I also found the metafictional Anna much more difficult to empathize with than the “real” Anna, who is herself flawed but more able to view her own decisions clearly, because the fictional version is the authoress of her own destruction within the book. The fact that her paramour is a lying cad can’t excuse her from failing to see that her involvement with a married man who has no intention of abandoning his wife – and whose wife is clearly suffering from her husband’s infidelities – or from the consequences when he inevitably flees from the affair as well.

The Golden Notebook fits in with many of the critically-acclaimed novels I read from these “greatest books” lists, an intelligent, thought-provoking, well-written book that deals with the larger (or largest) issues in life, but ultimately falls short on plot and character. I never felt driven to find out what was going to happen with the central characters, and the one Big Event within the book is dealt with swiftly enough that it becomes secondary to Anna’s journals. That all makes it a good book in terms of quality, but not one I’d be driven to read again.

Next up: I just finished Sergio de la Pava’s strange, often darkly funny debut novel A Naked Singularity (just $5.13 on Kindle) and have started Jonathan Lethem’s sci-fi hard-boiled detective novel Gun, with Occasional Music, the latter an old recommendation from one of you.

The Man Who Loved Children.

Louie, delighted, ran downstairs. Whenever her irritations got too deep, she mooched in to see her mother. Here, she had learned, without knowing she had learned it, was a brackish well of hate to drink from, and a great passion of gall which could run deep and still, or send up waterspouts, that could fret and boil, or seem silky as young afternoon, something that put iron in her soul and made her strong to resist the depraved healthiness and idle jollity of the Pollit clan.

Christina Stead’s 1940 novel The Man Who Loved Children, a fictionalized memoir of what was apparently a brutal childhood with her famous biologist father, David George Stead, lay virtually unknown for over two decades before a 1965 reprint, featuring an introduction by poet Randall Jarrell, earned critical accolades and established the book in academic circles. The book appeared on the TIME list of the 100 greatest novels since 1923, and Jonathan Franzen has called the book a “masterpiece,” unsurprising given the book’s obvious influence on his own novel of dysfunctional family life, The Corrections.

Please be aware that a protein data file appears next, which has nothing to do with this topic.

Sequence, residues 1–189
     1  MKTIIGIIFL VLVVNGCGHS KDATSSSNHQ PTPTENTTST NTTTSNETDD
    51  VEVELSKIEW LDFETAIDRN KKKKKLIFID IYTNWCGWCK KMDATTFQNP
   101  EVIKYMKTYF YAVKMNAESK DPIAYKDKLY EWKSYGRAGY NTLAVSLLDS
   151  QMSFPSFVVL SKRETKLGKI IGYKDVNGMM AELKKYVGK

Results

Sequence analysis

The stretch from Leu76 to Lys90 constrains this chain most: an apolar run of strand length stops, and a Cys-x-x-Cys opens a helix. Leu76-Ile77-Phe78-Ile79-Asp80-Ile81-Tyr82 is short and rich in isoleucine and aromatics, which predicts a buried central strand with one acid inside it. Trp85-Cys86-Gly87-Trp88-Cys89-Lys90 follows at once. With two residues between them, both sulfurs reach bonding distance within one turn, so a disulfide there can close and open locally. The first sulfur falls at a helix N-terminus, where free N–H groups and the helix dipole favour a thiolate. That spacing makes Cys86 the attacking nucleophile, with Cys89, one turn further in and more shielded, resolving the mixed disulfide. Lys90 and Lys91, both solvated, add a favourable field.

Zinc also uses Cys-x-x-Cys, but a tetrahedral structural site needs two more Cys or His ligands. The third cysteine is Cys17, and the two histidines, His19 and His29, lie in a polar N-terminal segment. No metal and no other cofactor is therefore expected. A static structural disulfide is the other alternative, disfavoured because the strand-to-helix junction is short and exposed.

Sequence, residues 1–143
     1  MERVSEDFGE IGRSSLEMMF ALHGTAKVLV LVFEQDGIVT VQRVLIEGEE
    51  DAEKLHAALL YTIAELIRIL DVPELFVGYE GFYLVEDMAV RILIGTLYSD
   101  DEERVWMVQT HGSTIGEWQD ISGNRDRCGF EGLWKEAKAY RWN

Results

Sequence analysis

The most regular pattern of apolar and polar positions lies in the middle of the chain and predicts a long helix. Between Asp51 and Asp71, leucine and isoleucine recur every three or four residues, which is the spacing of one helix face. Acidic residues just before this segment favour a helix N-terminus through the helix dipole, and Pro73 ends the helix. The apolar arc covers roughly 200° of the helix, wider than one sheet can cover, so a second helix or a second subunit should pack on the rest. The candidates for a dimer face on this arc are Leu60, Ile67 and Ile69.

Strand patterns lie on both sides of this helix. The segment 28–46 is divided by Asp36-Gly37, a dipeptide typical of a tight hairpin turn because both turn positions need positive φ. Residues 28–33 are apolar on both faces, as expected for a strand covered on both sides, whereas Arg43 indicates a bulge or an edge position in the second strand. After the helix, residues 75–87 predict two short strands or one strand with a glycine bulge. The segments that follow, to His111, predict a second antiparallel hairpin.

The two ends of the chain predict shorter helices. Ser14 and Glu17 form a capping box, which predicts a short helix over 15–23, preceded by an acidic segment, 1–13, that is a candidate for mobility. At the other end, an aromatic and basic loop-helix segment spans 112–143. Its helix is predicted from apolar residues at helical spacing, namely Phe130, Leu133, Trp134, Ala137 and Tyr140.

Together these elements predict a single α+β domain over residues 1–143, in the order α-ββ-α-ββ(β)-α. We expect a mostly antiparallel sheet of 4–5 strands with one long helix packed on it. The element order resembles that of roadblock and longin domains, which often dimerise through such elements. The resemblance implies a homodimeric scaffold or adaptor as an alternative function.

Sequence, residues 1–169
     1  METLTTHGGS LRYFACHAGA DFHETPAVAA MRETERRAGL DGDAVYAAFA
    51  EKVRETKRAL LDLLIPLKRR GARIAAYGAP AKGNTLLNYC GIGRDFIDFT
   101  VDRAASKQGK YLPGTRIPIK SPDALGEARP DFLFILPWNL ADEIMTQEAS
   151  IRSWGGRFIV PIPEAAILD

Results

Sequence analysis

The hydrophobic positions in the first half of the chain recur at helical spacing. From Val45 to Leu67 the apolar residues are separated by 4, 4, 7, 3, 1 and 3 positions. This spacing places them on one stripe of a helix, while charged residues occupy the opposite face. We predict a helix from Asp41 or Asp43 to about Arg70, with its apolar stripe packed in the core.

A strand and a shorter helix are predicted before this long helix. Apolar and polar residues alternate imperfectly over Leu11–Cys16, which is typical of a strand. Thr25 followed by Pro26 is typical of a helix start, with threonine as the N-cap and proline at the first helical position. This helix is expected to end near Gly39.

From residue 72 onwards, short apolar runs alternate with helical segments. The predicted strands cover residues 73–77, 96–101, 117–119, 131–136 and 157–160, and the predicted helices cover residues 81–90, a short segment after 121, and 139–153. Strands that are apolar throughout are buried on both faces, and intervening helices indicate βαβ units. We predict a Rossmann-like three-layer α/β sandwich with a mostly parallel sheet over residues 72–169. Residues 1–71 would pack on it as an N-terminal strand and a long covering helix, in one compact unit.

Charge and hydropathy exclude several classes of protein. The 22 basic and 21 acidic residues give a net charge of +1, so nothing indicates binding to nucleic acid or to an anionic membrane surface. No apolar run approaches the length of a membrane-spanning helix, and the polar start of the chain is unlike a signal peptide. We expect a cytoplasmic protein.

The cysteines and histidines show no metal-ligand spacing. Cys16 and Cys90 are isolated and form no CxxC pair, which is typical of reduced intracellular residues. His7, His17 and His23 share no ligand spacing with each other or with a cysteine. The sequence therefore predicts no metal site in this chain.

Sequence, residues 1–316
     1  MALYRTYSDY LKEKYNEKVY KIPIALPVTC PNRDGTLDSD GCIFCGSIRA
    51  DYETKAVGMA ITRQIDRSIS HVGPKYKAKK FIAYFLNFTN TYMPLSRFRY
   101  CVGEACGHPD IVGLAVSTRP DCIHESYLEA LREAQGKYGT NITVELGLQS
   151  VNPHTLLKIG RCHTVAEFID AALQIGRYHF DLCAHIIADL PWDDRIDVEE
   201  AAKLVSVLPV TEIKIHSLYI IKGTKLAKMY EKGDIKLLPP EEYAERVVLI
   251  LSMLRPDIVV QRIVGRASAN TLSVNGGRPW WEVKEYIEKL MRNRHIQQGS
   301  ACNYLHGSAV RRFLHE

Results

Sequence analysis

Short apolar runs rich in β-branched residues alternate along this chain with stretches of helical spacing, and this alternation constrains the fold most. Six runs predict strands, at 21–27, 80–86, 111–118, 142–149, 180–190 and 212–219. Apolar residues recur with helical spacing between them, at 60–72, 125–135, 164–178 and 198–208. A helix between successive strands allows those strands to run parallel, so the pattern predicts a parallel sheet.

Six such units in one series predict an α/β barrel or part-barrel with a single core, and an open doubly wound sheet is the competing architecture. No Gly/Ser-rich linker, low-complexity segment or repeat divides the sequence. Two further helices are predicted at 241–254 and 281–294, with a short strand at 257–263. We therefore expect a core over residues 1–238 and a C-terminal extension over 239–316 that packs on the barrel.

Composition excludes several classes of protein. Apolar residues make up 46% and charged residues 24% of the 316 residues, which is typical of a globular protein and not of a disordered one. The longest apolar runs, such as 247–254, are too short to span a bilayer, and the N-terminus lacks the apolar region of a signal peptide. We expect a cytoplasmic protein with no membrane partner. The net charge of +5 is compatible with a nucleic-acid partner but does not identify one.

Whereas Franzen’s book at least had humor, Stead’s novel is a bleak tale of psychological abuse and neglect stemming from an ill-advised marriage between a man, the egomaniacal Samuel Pollit, and his second wife, Henrietta “Henny.” Louisa, Sam’s daughter from his first marriage, is a primary target of Henny’s while suffering under the thumb of her father, while the couple’s six children all suffer more from the couple’s inability to live within their means or otherwise provide for the children.

Sam is a loudmouthed tyrant, a fatuous narcissist who believes himself to be a great philosopher who is destined for greatness, yet is despised by co-workers and loathed by his shrewish wife, not without reason on both counts. He preaches – mostly to his own children – that all men are brothers, and equal, and should be on equal footing, yet has some very peculiar views on who exactly qualifies under those statutes:

Suicide ought to be recognized and permitted, for a person was captain of his own life. Murder of the unfit, incurable, and insane should be permitted. Children born mentally deficient or diseased should be murdered, and none of these murders would really be a crime, for the community was benefited, and the good of the whole was the aim of all, or should be. Murder might be beautiful, a self-sacritifce, a sacrifice of someone near and dear, for the good of others – I can conceive of such a thing, Looloo!